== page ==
Home Forum Political Economy Classifiying Creorders

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  • #248368

    Has there ever been a creorder that isn’t a power creoder?

    Has there ever been a creorder that is not hierarchical?

    At p. 305 of their 2009 book, Bichler and Nitzan refer to Ancient Athens as a “democratic” creorder, but was it?  Certainly it was for its citizens, but not for all of its subjects, e.g., the  helots, foreigners, women, and slaves constituting the large majority of Athens’ subjects.  If we can ignore the exploited/subjected classes, is capitalism a democratic or horizontal creorder (at least among capitalists)?

    If a creorder is neither hierarchical nor a power creorder, is it a creorder at all, i.e., can it create order?

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    • #248371

      1. Creorder means a (dynamic) process of creating a (static) structure (or a given pattern of change). In my view, the specific form of a given creorder is open ended.

      2. It is well known that Athenian democracy included only a fraction of the population, but its impulse was creating a society of citizens based on direct democracy (autonomy), philosophy (love of truth) and science (proof). All three components of this triangle assume and imply the absence of power. To me, articulating and fleshing out this triangle was a creorder.

      3. The relationships among capitalists are very different. Their key ritual is differential accumulation – which implies not only controlling the rest of society, but also creating a power hierarchy of capitalists and corporations. In other words, their very purpose, even among themselves, is power.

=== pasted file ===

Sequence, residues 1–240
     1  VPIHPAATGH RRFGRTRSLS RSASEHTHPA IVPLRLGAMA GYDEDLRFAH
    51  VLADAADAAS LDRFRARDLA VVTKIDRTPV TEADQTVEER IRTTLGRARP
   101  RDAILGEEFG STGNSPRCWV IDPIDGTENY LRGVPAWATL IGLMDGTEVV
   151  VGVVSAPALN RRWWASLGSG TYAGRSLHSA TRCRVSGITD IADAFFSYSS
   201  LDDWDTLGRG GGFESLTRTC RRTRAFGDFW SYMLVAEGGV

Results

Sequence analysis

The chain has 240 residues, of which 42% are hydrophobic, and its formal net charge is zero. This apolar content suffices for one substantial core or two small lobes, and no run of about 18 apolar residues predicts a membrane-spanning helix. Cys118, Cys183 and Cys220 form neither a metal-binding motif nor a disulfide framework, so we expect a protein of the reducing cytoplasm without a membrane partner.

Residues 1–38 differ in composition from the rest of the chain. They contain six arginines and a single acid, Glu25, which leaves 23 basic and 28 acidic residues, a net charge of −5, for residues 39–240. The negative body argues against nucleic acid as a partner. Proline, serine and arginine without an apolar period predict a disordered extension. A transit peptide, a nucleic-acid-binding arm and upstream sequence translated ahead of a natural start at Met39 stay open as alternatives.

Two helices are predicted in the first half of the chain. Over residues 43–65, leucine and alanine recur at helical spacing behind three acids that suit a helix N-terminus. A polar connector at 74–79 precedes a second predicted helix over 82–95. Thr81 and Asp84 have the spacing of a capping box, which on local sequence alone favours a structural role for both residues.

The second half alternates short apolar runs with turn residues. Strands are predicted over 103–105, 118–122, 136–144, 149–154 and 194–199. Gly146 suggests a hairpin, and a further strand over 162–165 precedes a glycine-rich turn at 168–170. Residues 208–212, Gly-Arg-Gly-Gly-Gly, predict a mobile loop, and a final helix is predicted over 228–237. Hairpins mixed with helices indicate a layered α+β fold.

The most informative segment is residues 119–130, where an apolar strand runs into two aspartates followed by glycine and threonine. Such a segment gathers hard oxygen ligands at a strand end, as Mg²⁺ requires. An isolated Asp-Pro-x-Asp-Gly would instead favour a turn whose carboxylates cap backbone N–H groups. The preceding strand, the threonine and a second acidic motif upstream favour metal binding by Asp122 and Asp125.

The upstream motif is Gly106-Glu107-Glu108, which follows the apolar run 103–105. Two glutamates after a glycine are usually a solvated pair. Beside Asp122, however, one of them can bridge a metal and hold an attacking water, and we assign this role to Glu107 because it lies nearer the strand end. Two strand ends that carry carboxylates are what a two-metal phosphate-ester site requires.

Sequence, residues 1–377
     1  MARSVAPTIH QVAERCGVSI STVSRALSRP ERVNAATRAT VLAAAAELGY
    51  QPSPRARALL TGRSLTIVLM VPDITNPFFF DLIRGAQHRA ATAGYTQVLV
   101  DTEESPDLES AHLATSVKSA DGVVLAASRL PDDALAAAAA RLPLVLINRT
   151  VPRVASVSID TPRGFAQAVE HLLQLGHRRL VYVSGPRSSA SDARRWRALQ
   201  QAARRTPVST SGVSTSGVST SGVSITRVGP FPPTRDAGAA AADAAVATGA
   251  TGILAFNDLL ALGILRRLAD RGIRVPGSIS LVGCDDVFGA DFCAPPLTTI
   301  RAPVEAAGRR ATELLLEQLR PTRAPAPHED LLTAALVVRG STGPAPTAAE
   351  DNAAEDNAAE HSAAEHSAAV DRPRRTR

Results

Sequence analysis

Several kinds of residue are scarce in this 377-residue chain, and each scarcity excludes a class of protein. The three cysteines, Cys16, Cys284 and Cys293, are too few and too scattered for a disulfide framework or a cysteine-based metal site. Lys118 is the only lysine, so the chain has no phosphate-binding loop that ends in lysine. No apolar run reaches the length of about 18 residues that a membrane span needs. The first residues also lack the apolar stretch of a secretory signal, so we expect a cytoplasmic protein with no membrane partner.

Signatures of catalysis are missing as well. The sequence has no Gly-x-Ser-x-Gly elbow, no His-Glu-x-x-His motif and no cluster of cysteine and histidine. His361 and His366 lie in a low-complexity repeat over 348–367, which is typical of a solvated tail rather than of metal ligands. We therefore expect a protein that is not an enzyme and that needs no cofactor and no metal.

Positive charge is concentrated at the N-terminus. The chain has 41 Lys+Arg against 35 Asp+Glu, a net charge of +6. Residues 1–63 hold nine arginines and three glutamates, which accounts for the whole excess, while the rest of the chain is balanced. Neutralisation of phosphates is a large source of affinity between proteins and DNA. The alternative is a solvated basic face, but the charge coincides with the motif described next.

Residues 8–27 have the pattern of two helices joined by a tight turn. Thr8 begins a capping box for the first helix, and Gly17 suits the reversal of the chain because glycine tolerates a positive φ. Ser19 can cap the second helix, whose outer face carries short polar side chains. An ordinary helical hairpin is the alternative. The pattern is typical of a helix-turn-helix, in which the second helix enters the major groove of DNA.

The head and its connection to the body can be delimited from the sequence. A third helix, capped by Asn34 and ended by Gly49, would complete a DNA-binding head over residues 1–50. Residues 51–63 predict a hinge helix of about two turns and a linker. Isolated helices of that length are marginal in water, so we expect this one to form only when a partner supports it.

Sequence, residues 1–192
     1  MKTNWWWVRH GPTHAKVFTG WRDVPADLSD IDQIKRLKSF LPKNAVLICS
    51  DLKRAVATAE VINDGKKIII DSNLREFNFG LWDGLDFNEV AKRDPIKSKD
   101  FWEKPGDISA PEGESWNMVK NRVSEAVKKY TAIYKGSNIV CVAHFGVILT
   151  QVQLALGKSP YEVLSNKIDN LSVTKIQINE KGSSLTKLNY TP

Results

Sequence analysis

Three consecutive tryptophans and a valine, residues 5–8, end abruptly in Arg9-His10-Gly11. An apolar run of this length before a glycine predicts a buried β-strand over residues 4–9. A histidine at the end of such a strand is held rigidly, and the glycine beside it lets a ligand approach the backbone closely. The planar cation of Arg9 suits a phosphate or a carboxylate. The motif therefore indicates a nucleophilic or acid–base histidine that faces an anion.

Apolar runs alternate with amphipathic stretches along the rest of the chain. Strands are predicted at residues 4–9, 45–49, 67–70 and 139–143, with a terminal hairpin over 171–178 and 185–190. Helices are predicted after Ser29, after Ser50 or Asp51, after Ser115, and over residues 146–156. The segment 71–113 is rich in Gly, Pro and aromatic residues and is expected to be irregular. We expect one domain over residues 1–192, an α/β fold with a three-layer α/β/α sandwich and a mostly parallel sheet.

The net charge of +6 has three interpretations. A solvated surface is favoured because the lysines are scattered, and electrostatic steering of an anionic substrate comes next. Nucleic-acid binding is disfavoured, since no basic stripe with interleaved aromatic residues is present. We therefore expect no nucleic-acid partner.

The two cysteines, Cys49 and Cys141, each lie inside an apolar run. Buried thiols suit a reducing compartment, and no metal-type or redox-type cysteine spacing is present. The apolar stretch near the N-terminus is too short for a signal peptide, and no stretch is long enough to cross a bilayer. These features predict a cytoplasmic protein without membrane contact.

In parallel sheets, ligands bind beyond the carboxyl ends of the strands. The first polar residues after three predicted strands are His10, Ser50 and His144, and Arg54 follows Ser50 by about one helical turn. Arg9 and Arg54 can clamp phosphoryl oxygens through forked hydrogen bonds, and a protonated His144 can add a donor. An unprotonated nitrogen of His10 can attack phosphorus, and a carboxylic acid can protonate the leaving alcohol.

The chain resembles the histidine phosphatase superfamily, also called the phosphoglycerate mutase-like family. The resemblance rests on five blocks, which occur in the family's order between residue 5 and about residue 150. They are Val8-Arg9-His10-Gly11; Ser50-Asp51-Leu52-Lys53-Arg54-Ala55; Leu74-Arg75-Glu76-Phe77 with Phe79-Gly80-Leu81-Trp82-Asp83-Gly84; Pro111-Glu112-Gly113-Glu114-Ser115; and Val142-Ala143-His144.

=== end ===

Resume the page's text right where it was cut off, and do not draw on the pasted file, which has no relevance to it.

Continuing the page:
• #248372

      After reading an overview of process philosophy, I’ve found it easier to simply refer to structures and processes in this kind of context.

      “Creorder means a process of creating a new or amended structure or process.” But nobody likes a gratuitous editor and my own prose is very poor.

      Even the most static-seeming objects and structures are still in process. If we accept that time “flows” [1], then time stops nowhere and in our (macro) physical world entropy, decay, decrease-in-order also cease nowhere, except locally as “growth” at the expense of greater entropy elsewhere.

      Nicholas Rescher’s introductions to Process Philosophy are interesting. One definition of objects is that they are “constellations of processes”. Even a rock is not as static as it seems. One could say that what appears as an object or a process to an observer is relative to the “rate of observations” made by the observer. Time lapse photography shows this. However, I found Rescher’s complete lack of attention to systems philosophy left process philosophy floating. It seemed to fail to touch the physical world properly.

      Note 1.

      “… confusing time with the flow of time.

      Time is just a coordinate like the spatial coordinates, that is we label spacetime points with four coordinates (t,x,y,z).

      Indeed, in relativity (both flavours) the time and spatial coordinates get mixed up so different observers will disagree about what is time and what is space.

      But the obvious thing about time is that to us humans it appears to flow. We can stand still in space, but we have to keep moving through time at one second per second. I would guess this is what we’re thinking of (if) we say that time is “the measurement of change”. The curious thing is that the flow of time doesn’t really exist in physics, and some (exactly how many I don’t know) physicists believe that the flow of time is a trick of human perception and that time doesn’t flow at all…

      … even if we take the conventional view of the flow of time, motion does not stop at absolute zero. This is because quantum systems exhibit zero point energy, so their energy remains non-zero even when the temperature is absolute zero. For example helium remains fluid at absolute zero because its zero point energy is too great to allow it to crystallise. So there is no sense in which time stops as we lower the temperature to absolute zero.” – John Rennie, Physics Stack Exchange.

      • This reply was modified 1 year, 8 months ago by Rowan Pryor.
      • This reply was modified 1 year, 8 months ago by Rowan Pryor.
    • #248375

      If we can ignore the exploited/subjected classes, is capitalism a democratic or horizontal creorder (at least among capitalists)?